"Laidlaw effectively captures the plight faced by captive wild animals, even in major, apparently high-quality zoos. In four riveting chapters he explores first the general issues of life in captivity, then addresses specific, often severe, problems. . . This eye-opening look at zoo issues will strike a chord with readers and would be a useful addition to most collections."
"Wild Animals in Captivity is a well designed, thorough, yet concise depiction of life for animals in captivity. Laidlaw's balanced presentation not only focuses on examples of inhumane treatment of animals in zoos but also gives instances of the best. . . Wild animals in Captivity will most certainly assist children in looking more thoughtfully at the zoos they visit.
-- CM Magazine
" Laidlaw uses photographs to good effect, and these and the compelling case he makes for his opinions will provide considerable food for thought."
-- The Globe and Mail
"This children's book by Zoocheck founder Rob Laidlaw is one of the most significant animal books that's been written in a long time."
-- The Vancouver Humane Society
"What a nicely consciousness-raising book this is to share with kids about to enjoy a day at the zoo."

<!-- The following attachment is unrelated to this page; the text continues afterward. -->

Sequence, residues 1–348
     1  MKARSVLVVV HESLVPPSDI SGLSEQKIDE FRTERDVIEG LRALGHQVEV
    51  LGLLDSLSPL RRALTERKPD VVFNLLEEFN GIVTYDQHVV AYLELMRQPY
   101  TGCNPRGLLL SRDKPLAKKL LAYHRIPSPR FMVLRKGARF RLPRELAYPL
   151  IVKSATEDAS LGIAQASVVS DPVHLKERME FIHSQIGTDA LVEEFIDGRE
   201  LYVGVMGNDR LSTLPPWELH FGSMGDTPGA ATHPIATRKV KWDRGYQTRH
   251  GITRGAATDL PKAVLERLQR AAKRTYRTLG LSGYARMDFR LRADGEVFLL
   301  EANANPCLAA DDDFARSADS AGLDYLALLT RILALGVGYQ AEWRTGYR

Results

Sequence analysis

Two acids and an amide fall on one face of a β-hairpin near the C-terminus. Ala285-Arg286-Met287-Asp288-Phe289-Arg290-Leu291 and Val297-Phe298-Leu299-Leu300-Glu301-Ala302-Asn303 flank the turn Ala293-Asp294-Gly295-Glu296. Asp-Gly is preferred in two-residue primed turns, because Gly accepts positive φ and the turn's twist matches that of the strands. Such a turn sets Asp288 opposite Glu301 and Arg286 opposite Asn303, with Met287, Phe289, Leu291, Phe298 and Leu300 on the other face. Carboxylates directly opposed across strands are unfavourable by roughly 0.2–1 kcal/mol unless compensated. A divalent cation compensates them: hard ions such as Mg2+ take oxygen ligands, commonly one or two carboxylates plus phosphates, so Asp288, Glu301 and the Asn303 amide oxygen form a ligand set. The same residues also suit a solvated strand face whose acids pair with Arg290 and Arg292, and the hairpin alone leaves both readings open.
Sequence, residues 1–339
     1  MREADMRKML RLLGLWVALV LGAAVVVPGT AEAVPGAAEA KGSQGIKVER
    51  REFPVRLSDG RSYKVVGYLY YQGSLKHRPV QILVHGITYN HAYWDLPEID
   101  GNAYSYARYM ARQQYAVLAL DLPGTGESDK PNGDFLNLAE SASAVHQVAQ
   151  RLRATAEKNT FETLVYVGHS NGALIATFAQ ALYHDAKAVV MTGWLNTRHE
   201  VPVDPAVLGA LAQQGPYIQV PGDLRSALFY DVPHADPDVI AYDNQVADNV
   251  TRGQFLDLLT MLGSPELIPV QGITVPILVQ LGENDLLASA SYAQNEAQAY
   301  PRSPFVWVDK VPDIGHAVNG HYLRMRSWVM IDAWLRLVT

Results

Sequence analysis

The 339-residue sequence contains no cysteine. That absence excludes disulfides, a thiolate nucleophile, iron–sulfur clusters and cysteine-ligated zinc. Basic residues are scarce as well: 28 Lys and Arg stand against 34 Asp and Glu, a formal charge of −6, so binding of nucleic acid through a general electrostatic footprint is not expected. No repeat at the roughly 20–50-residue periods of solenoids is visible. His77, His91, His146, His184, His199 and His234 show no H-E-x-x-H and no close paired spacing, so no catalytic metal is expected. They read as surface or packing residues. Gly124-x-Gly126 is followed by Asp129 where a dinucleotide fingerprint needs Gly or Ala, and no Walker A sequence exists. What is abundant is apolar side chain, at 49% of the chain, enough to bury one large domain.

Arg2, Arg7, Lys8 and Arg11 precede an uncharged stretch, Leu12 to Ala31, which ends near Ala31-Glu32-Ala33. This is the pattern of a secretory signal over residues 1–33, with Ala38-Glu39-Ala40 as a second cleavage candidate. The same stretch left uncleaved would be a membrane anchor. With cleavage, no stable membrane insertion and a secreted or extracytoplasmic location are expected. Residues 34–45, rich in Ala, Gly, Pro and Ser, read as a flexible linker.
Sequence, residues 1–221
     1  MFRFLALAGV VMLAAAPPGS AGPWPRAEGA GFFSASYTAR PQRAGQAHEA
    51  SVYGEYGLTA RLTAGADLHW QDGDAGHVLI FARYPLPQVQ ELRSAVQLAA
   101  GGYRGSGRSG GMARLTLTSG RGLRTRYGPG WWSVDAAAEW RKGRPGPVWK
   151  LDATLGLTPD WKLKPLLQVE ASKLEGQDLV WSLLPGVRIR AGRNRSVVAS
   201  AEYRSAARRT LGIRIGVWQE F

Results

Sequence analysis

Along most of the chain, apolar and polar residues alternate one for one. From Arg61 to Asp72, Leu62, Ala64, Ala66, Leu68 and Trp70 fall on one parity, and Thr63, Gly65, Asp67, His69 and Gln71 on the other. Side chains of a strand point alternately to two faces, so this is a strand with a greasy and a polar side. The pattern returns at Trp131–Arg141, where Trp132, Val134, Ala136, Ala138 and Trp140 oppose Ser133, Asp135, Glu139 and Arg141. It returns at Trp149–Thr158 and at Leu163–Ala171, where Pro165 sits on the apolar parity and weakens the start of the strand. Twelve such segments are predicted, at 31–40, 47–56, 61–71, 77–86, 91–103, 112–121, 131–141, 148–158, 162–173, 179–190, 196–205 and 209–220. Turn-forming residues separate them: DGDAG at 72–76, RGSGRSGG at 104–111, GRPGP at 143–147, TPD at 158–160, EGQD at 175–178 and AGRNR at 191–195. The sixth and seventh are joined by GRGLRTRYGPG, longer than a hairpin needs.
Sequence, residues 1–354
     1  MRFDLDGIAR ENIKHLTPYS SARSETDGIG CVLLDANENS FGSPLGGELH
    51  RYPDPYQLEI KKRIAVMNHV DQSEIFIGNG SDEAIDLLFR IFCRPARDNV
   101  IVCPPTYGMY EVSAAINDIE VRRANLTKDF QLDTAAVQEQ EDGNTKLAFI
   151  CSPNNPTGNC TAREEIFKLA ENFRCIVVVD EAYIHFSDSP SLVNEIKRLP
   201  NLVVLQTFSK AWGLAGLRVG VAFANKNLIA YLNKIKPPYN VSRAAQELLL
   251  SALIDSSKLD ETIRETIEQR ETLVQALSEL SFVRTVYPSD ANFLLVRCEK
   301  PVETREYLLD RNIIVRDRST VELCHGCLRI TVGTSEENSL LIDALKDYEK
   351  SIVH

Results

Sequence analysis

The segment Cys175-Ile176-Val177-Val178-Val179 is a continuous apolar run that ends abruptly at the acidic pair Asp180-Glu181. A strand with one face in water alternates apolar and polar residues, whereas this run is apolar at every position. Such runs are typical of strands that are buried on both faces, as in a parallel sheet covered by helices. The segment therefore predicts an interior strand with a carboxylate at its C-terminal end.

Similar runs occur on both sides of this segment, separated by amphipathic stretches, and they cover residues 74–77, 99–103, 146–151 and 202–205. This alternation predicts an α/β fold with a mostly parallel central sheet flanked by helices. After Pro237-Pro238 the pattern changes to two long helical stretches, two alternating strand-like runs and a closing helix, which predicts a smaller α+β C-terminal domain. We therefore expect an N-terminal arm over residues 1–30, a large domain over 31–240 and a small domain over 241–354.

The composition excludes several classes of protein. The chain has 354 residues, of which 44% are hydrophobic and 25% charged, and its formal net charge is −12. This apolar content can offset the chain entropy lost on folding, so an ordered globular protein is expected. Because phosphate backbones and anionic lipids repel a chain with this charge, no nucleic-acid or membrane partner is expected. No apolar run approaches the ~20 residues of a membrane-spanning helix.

-- The Toronto Star
"An honest and powerful book. . . An important book that, through good storytelling and the passionate voice of its author, gives us a window into the world of captive animals."
-- Canadian Children's Book News
"Laidlaw has done an admirable job. Grade school and high school students alike will find this challenging book a remarkable reference."
-- The Hamilton Spectator
"Illustrated with eye-catching color photography throughout, Wild Animals in Captivity encourages young readers to think long and hard about zoos.
-- The Midwest Book Review
"Wild Animals in Captivity, proves to be an excellent resource for the next generation of animal welfare supporters. Unlike many books written for a tween or young teen audience, Wild Animals presents information in a factual and interesting way. Readers, both young and old, will appreciate a tone that educates without condescending."
-- Canadian Federation of Humane Societies Newsletter